Nintendo will follow up its smash hit NES microconsole with a mini version of the SNES, sources close to the company have confirmed to Eurogamer.
The SNES mini (or, to continue Nintendo's official branding, likely the Nintendo Classic Mini: Super Nintendo Entertainment System) is currently scheduled to launch in time for Christmas this year. Development of the device is already under way, our sources have indicated.
Nintendo's plans for SNES mini are also a major reason why last year's NES mini did not see a reprieve from discontinuation, Eurogamer understands, despite the latter's continued popularity and sell-out status.
Last week, Nintendo explained that it never intended NES mini to be a permanent product. From the company's perspective, the microconsole was planned as a cool novelty item perfect for Christmas 2016, and the numbers in which it was manufactured and shipped were expected to be enough to suit this goal.
But NES mini ended up breaking out to become more popular than anticipated and quickly sold out, leading to a bustling resale market on eBay. NES mini shipments continued into the early part of this year, but its production run could not be extended further - as SNES mini was slated for production instead.
Hopefully, more stock of the SNES mini will be made available to avoid a repeat of the same shortages.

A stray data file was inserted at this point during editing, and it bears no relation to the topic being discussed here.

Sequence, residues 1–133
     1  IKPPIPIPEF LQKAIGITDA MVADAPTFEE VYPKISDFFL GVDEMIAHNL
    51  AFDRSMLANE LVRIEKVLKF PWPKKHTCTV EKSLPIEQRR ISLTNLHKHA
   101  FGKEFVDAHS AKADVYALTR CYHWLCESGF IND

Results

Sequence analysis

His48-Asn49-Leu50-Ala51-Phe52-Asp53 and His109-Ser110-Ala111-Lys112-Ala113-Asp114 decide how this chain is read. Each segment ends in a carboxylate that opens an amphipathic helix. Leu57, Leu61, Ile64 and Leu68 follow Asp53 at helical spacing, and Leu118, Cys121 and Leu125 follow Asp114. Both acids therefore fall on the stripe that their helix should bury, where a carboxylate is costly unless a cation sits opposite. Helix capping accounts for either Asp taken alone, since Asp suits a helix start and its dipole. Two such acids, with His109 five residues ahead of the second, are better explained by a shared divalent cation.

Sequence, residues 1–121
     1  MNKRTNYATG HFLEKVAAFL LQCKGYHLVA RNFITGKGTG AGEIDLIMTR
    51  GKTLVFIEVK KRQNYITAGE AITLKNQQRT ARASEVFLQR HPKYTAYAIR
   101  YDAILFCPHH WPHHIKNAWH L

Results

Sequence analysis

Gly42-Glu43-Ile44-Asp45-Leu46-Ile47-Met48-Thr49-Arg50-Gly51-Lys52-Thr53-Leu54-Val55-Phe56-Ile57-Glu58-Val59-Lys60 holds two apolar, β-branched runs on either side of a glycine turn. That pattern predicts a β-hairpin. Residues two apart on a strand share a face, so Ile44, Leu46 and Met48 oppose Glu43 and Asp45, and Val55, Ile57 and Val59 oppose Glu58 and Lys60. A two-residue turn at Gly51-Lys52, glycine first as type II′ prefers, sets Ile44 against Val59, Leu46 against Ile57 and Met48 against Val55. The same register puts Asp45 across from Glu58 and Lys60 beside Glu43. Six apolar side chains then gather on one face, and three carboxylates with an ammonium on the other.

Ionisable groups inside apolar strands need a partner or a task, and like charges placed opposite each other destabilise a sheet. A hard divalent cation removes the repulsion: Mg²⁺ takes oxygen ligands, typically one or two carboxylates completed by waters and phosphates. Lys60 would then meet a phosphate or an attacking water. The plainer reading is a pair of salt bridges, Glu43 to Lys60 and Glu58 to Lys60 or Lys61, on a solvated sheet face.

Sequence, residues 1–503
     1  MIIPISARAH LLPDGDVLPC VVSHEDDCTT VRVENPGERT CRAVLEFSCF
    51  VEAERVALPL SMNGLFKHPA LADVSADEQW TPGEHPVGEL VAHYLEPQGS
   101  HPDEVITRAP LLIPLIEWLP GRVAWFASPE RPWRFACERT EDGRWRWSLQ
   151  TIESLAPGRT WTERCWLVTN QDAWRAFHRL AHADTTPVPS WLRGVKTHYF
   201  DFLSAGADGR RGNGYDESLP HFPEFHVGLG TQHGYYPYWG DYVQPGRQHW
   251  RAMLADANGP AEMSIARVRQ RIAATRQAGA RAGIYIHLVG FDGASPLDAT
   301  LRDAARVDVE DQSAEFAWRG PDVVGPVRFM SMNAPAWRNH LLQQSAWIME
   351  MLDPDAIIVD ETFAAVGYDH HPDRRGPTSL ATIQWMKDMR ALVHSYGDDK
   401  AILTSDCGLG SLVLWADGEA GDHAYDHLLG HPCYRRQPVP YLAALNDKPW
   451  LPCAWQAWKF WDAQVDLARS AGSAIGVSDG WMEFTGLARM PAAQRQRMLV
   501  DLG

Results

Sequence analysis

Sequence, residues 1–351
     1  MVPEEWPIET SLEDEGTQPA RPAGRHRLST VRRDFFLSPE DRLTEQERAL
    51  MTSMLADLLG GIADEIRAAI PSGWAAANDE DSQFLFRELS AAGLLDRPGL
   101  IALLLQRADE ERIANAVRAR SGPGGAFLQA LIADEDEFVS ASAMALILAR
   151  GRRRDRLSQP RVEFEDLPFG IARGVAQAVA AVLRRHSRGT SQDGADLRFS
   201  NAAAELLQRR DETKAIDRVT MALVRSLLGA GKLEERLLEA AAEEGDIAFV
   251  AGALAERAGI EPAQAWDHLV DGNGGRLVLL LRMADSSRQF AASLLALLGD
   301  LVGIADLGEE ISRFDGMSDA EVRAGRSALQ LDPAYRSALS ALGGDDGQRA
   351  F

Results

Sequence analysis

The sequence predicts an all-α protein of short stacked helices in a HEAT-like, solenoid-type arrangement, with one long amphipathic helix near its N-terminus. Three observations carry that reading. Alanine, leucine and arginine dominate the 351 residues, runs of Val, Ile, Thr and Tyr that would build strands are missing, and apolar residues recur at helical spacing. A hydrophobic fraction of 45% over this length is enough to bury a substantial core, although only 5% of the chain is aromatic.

The reality of a SNES mini is certainly exciting - while the NES was unique for being Nintendo's first home console, the SNES arguably boasts the better software line-up, and a catalogue of classics far more advanced than their NES forebears. Compare The Legend of Zelda on NES to A Link to the Past, for example, or Donkey Kong to Donkey Kong Country.
Other top SNES games from Nintendo include Super Metroid, Super Mario Kart and Super Mario World, as well as Earthbound, Star Fox and Super Mario RPG: Legend of the Seven Stars. The console also had some of the best RPGs of the era, including Square's Chrono Trigger and Secret of Mana.
For the SNES mini, Nintendo is expected to stick with the NES mini's plug-and-play setup, and its array of games which come preinstalled and ready to play.
Nintendo declined to comment when contacted by Eurogamer.
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